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Off the top of my head, I can think of four ways this strategy could fail. All can be mitigated to some degree through sound development practices and commonsense on the part of users, and a few would require some very targetted attacks, but they are risks nevertheless. Eval Storing confidential data on the heap will be risky if you intend to use eval, ...


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You could use a JavaScript encryption library for the encryption/decryption process, and you could store the unencrypted data in sessionStorage in the browser. Is it secure? Only as secure as your app, the browser, the OS, and the machine it is running on. Storing the encryption key in the user's browser, let's say in localStorage, so that it persists ...


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You've nailed it. It seems that the way to go is to NOT use the AngularJS method, and instead to break the model and to use the pure javascript redirect to refresh the site onto the Login page. This does seem to clear the network requests. Is this the recommended method? You're best assurance is to leave the page. After you've deleted the login cookie, ...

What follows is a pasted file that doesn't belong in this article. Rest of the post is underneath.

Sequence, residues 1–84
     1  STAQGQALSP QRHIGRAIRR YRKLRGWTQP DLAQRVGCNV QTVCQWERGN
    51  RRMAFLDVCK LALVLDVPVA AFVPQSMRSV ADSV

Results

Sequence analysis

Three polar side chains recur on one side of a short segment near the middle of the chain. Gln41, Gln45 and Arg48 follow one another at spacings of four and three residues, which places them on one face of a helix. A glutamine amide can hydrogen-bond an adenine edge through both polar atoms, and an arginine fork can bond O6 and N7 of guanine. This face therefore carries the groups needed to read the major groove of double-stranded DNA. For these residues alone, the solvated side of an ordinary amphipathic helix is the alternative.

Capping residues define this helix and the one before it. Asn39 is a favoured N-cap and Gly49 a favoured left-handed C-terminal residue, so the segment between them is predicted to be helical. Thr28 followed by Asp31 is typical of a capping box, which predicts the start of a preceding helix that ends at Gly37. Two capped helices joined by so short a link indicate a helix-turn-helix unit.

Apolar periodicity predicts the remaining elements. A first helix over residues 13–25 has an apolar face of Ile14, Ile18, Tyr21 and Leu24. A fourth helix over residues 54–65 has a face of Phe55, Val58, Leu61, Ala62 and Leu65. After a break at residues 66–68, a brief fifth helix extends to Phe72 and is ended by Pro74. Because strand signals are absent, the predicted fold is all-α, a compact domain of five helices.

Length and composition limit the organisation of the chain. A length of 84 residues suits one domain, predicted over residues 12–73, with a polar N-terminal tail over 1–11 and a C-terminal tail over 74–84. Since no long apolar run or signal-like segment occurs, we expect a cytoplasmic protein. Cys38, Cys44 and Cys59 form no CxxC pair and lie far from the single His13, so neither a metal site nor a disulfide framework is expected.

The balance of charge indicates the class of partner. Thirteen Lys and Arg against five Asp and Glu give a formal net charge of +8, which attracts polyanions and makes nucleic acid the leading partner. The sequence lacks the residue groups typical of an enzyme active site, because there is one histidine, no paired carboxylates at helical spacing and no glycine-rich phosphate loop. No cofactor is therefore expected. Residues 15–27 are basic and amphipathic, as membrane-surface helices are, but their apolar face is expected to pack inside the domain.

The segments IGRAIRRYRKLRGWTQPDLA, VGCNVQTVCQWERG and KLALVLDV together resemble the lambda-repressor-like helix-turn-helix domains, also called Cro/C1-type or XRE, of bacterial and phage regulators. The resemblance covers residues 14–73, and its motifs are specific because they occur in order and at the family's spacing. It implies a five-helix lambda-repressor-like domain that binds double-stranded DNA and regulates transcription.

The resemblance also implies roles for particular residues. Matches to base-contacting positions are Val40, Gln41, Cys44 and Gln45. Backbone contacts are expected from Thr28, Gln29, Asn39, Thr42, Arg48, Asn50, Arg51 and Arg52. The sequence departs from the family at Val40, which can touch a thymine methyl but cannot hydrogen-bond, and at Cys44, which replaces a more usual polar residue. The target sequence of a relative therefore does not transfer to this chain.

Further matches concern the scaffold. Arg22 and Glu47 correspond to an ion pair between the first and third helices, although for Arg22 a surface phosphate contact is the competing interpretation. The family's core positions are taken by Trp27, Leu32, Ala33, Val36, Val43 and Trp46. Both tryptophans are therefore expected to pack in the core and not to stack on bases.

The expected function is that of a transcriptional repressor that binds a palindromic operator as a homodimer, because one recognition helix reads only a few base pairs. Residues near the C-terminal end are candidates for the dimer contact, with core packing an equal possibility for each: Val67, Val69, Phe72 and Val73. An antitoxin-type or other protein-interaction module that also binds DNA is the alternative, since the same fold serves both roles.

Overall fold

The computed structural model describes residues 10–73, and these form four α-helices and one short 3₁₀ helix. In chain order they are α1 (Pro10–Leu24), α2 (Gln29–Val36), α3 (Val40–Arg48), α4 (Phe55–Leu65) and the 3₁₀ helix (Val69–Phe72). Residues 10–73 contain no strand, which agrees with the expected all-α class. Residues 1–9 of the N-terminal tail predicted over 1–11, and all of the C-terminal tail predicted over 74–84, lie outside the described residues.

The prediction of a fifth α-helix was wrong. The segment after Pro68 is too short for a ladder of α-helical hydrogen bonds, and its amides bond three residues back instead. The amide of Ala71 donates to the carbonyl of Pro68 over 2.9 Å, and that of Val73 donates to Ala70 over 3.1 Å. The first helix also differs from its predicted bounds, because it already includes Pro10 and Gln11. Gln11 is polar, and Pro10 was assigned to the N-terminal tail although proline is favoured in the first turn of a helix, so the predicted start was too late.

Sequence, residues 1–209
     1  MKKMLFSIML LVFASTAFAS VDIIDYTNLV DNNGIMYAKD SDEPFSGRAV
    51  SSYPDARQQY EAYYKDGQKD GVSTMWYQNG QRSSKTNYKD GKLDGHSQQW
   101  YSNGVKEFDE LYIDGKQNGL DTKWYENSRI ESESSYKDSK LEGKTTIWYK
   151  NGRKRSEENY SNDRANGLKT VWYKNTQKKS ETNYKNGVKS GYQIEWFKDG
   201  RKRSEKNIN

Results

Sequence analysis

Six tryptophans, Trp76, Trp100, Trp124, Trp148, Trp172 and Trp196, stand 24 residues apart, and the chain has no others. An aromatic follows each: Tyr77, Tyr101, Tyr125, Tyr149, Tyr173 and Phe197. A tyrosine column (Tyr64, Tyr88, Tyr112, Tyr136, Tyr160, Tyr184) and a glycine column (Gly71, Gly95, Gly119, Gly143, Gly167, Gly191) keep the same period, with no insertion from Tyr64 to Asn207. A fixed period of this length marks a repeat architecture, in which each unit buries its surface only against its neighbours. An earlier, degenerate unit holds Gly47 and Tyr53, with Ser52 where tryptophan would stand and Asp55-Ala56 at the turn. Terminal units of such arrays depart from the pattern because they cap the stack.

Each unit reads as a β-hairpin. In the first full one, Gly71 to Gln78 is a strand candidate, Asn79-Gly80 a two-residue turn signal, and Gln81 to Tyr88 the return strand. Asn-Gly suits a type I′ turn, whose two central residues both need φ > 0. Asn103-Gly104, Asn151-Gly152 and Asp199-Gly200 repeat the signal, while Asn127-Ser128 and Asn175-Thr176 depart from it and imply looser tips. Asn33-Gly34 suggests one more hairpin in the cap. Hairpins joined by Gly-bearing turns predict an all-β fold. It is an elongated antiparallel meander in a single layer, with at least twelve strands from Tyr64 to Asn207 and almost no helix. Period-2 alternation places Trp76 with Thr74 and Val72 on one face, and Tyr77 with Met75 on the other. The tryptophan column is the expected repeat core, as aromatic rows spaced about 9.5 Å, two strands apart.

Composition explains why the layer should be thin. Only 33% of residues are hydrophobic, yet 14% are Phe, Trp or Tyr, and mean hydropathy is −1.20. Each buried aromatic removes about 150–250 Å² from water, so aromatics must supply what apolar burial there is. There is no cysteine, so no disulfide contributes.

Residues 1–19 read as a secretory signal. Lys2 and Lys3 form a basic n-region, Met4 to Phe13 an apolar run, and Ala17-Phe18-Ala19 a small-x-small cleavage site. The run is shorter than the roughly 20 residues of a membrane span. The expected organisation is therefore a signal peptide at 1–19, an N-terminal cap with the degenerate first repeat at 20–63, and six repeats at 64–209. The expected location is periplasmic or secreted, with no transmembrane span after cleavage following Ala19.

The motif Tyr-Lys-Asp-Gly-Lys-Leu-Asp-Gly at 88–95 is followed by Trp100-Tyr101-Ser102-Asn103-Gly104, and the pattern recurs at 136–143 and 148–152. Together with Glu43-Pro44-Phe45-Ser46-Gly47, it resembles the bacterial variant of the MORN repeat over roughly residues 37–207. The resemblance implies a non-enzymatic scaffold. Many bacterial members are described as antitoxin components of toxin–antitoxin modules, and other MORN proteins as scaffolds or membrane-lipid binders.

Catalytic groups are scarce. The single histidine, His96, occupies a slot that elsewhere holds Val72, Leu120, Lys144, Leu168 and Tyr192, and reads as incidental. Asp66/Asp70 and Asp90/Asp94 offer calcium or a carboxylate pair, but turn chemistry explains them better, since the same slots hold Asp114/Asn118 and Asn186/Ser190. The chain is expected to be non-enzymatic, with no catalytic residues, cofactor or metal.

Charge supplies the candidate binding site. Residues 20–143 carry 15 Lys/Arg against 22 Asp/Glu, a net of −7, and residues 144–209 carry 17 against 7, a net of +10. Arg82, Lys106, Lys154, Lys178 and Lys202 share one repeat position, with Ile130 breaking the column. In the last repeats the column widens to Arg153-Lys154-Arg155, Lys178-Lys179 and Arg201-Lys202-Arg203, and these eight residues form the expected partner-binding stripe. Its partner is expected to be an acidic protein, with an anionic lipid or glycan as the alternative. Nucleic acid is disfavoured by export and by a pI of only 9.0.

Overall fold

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I think there is an additional problem/challenge with your scheme: Beside the problem of having the key pairs generated by the server, this scheme also allows for a man in the middle attack: A asks for the key of B, server answers with his own key C. Now the server can decrypt, read and encrypt again for B and send the new ciphertext to B. Neither A nor B ...



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